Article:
Analysis of Copyright Expansion in the India-EU FTA (July 2010)
In this blog post, Snehashish Ghosh examines the copyright clauses in the July 2010 leak of the India-EU FTA, and points out how the EU's demands go beyond India's international obligations, and necessitate harmful changes in Indian law.
In the current intellectual property rights (IPR) chapter of the India-EU FTA (the July 2010 leaked version), the European Union demands for a TRIPS plus protection. The scope of obligations in the agreement demanded by EU between the parties is beyond the rights and obligations under the TRIPS Agreement and other international treaties with respect to IPRs, which India is party to.
The covenants in the copyright and related rights are of specific interest in the agreement. The protection granted by the parties should be in compliance with the Berne Convention, Rome Convention, WIPO Copyright Treaty (WCT) and the WIPO Performance and Phonogram Treaty (WPPT).1 It has to be considered here that Rome Convention is not ‘in force’ in India2 and India is not a party to the WCT3 or the WPPT4. This clearly shows that the demands of EU in the FTA surpass all the obligations of India with respect to the other multilateral international agreement dealing with intellectual property rights.
One of the changes to be welcomed in the current draft is that the minimum duration of author’s rights has been changed in the recent amendment and it has been reduced to life of the author and fifty years from his death. This has been done in accordance with the Berne Convention.
In case of photographic works, the duration of protection is not expressly mentioned in the agreement. However, the agreement casts obligation on the parties to comply with the Berne Convention. All ‘literary and artistic’ work under the agreement is construed to be the same as in the Berne Convention. Literary and artistic work under Berne Convention includes photographic works. Under the Berne Convention, rights of an author in case of photographic works should be protected for a minimum period of twenty five years. However, the agreement stipulates that rights of an author with respect to ‘literary and artistic’ works as defined under the Berne Convention shall be given protection for the duration of life of the author plus fifty years after the death of the author. The India-EU FTA also mentions that works for which period of protection is not calculated from the death of the author5 “and which have not been lawfully made available to the public within at least 50 years from their creation protection shall terminate”6. So, the term of protection of photographic works in unclear in the agreement.
Problems still exists in relation to reproduction rights, the covenant in the agreement requires that the parties should provide ‘exclusive rights to authorize or prohibit indirect or direct, temporary or permanent reproduction by any means or any form’. The limitation and exception under the proposed amendments to the India Copyright Act, 1957 allows for ‘transient and or incidental’ storage of works or performances for the purposes of ‘communication to the public’. The covenant in the India-EU FTA gives exclusive rights to the author with respect to temporary or permanent reproduction. The limitation and exception in the agreement allows temporary acts of reproduction only in case of use of technological process for transmission and non-commercial purposes. This narrows down the scope of the proposed amendment to the copyright law in India.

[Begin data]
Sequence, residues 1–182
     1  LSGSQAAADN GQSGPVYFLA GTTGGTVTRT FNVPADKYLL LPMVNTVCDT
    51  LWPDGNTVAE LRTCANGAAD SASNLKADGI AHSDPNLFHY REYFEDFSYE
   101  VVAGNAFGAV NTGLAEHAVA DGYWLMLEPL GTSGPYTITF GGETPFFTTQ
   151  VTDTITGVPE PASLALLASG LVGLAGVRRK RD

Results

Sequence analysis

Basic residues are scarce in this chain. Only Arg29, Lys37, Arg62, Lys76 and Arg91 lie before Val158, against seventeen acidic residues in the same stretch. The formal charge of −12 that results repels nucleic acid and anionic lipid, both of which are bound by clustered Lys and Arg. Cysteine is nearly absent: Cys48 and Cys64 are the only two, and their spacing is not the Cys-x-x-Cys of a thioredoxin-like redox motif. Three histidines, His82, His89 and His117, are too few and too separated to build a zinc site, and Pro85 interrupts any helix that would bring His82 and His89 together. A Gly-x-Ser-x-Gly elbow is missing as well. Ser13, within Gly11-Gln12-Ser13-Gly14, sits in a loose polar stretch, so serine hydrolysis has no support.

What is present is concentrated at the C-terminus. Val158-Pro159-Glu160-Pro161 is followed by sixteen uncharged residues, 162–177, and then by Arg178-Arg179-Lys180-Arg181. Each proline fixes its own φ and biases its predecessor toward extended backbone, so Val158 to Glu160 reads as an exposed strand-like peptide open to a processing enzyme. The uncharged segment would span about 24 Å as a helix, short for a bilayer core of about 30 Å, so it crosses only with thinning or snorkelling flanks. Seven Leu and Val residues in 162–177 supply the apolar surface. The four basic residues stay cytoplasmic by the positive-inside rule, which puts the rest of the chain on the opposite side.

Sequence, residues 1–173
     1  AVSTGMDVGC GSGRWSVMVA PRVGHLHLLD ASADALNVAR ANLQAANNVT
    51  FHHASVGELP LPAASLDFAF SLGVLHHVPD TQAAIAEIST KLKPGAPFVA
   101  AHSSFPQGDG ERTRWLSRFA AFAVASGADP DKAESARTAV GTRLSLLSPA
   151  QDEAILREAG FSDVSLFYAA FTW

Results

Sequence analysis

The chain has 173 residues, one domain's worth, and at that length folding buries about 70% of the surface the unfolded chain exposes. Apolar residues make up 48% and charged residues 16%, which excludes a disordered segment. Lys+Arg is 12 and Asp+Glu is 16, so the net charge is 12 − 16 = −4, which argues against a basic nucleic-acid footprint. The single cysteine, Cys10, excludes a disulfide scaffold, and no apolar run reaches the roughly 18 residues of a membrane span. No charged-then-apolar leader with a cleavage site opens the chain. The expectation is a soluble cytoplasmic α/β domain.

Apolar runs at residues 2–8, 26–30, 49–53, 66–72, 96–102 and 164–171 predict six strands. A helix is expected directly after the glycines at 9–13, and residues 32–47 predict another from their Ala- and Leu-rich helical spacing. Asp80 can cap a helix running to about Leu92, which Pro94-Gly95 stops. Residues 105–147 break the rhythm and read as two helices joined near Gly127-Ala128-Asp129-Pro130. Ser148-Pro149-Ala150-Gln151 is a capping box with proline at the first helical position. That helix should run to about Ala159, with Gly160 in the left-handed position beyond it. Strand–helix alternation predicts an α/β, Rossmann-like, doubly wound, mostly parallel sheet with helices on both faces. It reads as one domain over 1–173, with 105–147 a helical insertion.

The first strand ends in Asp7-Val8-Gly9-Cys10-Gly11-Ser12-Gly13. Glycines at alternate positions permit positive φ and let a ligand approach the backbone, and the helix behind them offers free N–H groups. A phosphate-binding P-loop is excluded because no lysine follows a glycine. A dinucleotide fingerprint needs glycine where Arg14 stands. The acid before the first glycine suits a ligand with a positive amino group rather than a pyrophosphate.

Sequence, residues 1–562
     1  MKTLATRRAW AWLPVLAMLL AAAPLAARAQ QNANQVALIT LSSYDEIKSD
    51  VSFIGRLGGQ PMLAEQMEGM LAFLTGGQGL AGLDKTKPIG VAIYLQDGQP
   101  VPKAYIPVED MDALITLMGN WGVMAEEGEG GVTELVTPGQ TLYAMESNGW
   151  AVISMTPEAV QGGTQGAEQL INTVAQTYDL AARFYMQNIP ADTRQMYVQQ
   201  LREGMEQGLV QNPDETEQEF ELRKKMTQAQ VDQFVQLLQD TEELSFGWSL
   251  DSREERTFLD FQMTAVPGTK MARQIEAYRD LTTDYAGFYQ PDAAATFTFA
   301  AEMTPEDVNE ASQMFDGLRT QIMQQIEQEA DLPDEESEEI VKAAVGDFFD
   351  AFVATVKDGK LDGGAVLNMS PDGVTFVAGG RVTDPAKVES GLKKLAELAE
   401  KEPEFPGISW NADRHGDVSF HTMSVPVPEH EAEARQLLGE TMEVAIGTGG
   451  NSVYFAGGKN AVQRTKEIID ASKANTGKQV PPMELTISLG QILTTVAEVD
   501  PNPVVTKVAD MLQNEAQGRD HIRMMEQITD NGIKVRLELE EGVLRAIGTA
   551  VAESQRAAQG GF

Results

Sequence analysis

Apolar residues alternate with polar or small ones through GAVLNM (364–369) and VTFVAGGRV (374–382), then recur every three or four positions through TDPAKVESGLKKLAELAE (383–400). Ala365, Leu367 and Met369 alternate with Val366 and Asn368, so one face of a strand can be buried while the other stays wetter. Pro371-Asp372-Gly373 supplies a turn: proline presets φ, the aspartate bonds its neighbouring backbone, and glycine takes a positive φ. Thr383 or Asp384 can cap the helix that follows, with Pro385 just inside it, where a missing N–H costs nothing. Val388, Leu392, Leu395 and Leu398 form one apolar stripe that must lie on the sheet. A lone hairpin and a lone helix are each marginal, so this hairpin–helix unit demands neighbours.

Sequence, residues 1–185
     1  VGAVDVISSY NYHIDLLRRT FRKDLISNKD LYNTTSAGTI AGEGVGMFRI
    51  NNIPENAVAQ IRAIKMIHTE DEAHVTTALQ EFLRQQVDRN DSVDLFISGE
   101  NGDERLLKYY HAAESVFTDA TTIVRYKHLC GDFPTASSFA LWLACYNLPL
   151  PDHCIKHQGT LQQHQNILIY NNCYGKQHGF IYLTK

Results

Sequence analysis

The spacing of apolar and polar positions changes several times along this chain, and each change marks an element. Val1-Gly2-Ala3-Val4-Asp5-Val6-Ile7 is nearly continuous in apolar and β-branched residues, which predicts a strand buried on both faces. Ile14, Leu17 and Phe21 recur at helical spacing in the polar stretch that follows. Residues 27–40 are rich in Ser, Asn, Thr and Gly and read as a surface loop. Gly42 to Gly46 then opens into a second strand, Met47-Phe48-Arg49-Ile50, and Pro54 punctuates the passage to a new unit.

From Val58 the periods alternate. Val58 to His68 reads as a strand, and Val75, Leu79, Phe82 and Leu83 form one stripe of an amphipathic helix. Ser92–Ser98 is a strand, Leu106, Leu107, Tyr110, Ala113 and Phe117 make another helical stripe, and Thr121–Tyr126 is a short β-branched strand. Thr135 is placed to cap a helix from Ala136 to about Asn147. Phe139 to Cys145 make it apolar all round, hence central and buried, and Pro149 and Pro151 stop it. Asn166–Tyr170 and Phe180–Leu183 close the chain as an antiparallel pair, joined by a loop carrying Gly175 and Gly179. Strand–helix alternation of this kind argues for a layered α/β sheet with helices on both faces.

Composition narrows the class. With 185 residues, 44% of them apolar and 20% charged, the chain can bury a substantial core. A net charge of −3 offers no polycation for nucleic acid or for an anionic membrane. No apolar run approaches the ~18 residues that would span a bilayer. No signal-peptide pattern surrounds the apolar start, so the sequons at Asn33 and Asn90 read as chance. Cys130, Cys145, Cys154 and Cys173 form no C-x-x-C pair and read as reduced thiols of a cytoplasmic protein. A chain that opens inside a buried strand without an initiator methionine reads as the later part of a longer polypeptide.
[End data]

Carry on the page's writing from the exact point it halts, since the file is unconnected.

The covenants as to ‘Protection of Technological Measures’ are beyond the measures proposed by the Indian Copyright (Amendment) Bill, 2011. The parties in the current draft of the India-EU FTA agree to provide legal protection against ‘manufacture’ of devices, products or components which can be used for circumvention of technological protection measures. However, this is contrary to the proposed amendments to the Copyright Act, 1957 in India.7 The proposed amendment allows for the circumvention of technological protection measures, for research and other purposes. It also allows for manufacture of devices used for circumvention of the technology protection measures. The liability is on the person who requests the circumvention and not on the person who actually manufactures and causes the circumvention provided that such person should maintain a register as to the identification details of the person requesting such circumvention.
India has agreed to comply with Article 1 through 21 of the Berne Convention for the Protection of Literary and Artistic works and appendix thereto (1971). However, EU stipulates compliance with Articles 1 through 22 of the Rome Convention for the Protection of Performers, Producers of Phonograms and Broadcasting Organizations (1961), Articles 1 through 14 of the WIPO Copyright Treaty – WCT (Geneva, 1996), Articles 1 through 23 of the WIPO Performance and Phonograms Treaty – WPPT (Geneva, 1996) ↩
Status of Contracting Parties of the Rome Convention available at http://www.wipo.int/treaties/en/ShowResults.jsp?lang=en&treaty_id=17 (last visited on 11/02/2012) ↩
Contraction Parties of the WIPO Copyright Treaty – WCT (Geneva, 1996) available at http://www.wipo.int/treaties/en/ShowResults.jsp?lang=en&treaty_id=16 (last visited on 11/02/2012) ↩
Contracting Parties of the WIPO Performance and Phonograms Treaty- WPPT (Geneva, 1996) available at http://www.wipo.int/treaties/en/ShowResults.jsp?lang=en&treaty_id=20 (last visited on 11/02/2012) ↩
Under Article 7.4 of the Berne Convention, the minimum protection provided to author of photographic works is twenty five years and such time period is not calculated from the death of the author ↩
Article 7.2, Draft India-EU FTA (July, 2010) ↩
Section 65A, Copyright Amendment Bill, 2011. ↩